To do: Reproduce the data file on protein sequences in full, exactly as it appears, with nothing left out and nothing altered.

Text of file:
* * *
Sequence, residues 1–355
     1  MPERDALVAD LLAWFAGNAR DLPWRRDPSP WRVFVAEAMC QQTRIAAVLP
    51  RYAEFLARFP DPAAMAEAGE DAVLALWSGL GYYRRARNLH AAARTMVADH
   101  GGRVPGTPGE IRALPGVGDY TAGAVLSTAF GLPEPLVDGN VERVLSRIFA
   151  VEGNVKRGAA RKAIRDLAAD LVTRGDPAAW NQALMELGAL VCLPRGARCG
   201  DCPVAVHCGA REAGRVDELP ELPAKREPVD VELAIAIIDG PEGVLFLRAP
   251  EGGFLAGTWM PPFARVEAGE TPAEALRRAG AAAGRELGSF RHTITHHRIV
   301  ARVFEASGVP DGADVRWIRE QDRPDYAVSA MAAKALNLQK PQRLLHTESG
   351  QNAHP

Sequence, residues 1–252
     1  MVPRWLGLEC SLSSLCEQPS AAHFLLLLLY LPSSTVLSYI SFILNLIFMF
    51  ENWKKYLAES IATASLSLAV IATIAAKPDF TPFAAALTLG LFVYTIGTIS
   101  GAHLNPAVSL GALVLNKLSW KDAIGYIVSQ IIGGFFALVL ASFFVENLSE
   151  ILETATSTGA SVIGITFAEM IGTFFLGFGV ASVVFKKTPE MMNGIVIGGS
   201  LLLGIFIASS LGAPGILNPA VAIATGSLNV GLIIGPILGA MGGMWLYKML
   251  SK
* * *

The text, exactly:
Sequence, residues 1–355
     1  MPERDALVAD LLAWFAGNAR DLPWRRDPSP WRVFVAEAMC QQTRIAAVLP
    51  RYAEFLARFP DPAAMAEAGE DAVLALWSGL GYYRRARNLH AAARTMVADH
   101  GGRVPGTPGE IRALPGVGDY TAGAVLSTAF GLPEPLVDGN VERVLSRIFA
   151  VEGNVKRGAA RKAIRDLAAD LVTRGDPAAW NQALMELGAL VCLPRGARCG
   201  DCPVAVHCGA REAGRVDELP ELPAKREPVD VELAIAIIDG PEGVLFLRAP
   251  EGGFLAGTWM PPFARVEAGE TPAEALRRAG AAAGRELGSF RHTITHHRIV
   301  ARVFEASGVP DGADVRWIRE QDRPDYAVSA MAAKALNLQK PQRLLHTESG
   351  QNAHP

Sequence, residues 1–252
     1  MVPRWLGLEC SLSSLCEQPS AAHFLLLLLY LPSSTVLSYI SFILNLIFMF
    51  ENWKKYLAES IATASLSLAV IATIAAKPDF TPFAAALTLG LFVYTIGTIS
   101  GAHLNPAVSL GALVLNKLSW KDAIGYIVSQ IIGGFFALVL ASFFVENLSE
   151  ILETATSTGA SVIGITFAEM IGTFFLGFGV ASVVFKKTPE MMNGIVIGGS
   201  LLLGIFIASS LGAPGILNPA VAIATGSLNV GLIIGPILGA MGGMWLYKML
   251  SK